In exactly the same way, seniority at work is no guarantee of wisdom or judgment, or anything else. Let's face it, in every organisation, there are passengers - people whose only talent is survival. Usually this requires an ability to size up the situation, find out where the power lies, learn the strengths and weaknesses of your colleagues and understand how the system works. Then, depending on the organisation, it may be possible to survive without doing anything useful simply by knowing when to look busy, when to smile, and when to shout at someone weaker or flatter someone stronger.
Just ask some of those brilliant head teachers who have turned round failing schools and you'll find that one of their hardest tasks will have been to get rid of the underperformers, the long-serving teachers who were determined to collect their generous pensions but incapable of changing their ways, learning anything new, or giving the pupils what they needed.
This is not a minor issue. It's about making sure that all the good work your top performers are doing is not undermined by any weak links in the chain. Right now, as businesses across the globe struggle to emerge from recession, is as good a time as any to take stock, make sure that no one is holding you back, then set about introducing a reward system that ensures everyone is paid according to what they do, not how long they have served.
Performance-related pay is not a new idea, but only in recent years has it been given the attention it deserves. Hewitt's Best Employers in Asia study of 2009 shows that among the best employers - not only the most admired but also the most profitable companies - more than three-quarters use the kind of schemes that reward high performers and give them a chance to share in the company's success. By contrast, only about half of the rest implement performance-related pay; and among the worst, the proportion using performance-related pay falls below 40%. The conclusions are obvious: when you link pay to performance, you get better results.
Things can still go wrong, of course - as the recent credit crunch showed us. In theory, the idea of giving top performers shares or share options sounds like the best possible way of offering a financial inducement that also ties the employee's success to that of the company. But, in practice, a company's fortunes may wax or wane for quite unconnected reasons - as we saw in 2008 and 2009 when many blameless but increasingly disgruntled employees saw their precious shareholdings plummet in value regardless of their best efforts. Another undesirable side-effect was highlighted in an Economist article last year, namely that ‘ruthless managers pursued the goal of increasing share value by any means possible, including lying, fiddling the accounts, bribing investment bankers and backdating their stock options so that they began on particularly favourable days'.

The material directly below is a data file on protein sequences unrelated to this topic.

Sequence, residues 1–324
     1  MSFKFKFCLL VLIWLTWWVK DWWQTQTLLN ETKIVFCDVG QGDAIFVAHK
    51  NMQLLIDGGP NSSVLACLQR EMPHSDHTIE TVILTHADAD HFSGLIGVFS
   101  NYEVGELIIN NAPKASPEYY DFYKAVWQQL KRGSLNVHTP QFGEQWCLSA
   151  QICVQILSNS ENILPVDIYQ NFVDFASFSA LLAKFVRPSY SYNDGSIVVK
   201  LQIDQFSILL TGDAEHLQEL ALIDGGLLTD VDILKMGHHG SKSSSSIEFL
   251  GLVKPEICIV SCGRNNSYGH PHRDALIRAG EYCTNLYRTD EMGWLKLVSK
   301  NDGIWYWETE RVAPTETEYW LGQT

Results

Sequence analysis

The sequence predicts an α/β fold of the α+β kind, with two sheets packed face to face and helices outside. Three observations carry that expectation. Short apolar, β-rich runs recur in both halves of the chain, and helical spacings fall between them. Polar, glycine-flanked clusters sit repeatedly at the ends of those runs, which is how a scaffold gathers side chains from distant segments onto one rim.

Even if you avoid the share options trap, it still isn't easy to reward on merit. When people work in teams, it's hard to say which member of the team is making the crucial difference. There are also individuals who don't have much opportunity to affect the bottom line, but whose personal qualities enhance morale or help others to work more effectively. It's important, therefore, to set people targets that are appropriate to the role you are asking them to perform.
When it comes to measurement, people are more useful than systems. If you want to find out how someone is performing, it's almost impossible to devise a system that takes account of all the different factors - a person's willingness to collaborate, their ability to motivate colleagues, their personal skills and effectiveness - that may be of immense long-term benefit to the organisation. But if that person has a good line manager and trustworthy colleagues, they will know. All of which makes some kind of performance review absolutely essential.
Another revealing finding of that Hewitt study was that Asia's best employers were much more inclined to involve managers in performance reviews and hold them more frequently. And one result of this was that 28% of staff among the best employers were identified in the ‘improvement needed' category - whereas that figure was only 12% among the rest. On the one hand, then, the whole business of performance review is humane and considerate, in that it gives the effective employee the chance to get their just deserts. But on the other, it is also tough and demanding, as it identifies shortcomings and puts pressure on underperformers.
Even now, such an apparently merit-based system gives scope to bad managers to set inappropriate targets, and make unsound judgments of performance. One way to avoid this danger is to have employees set their own targets - as the US company Constellation Energy does by allowing each of its business units to customise their own performance ratings system, typically combining performance against individual goals with demonstration of the company's core values and performance of specific roles.
With effort and ingenuity, almost any organisation can create a compensation culture that rewards performance. In the meantime, it is worth remembering that money isn't everything. People don't work for financial reward alone. For the great majority, it's about being recognised for the work you do. So while you are developing your own performance-related pay system, don't forget to congratulate people when they do things well. That's the best-value way of persuading your staff to support you.
Mark Dixon is CEO of Regus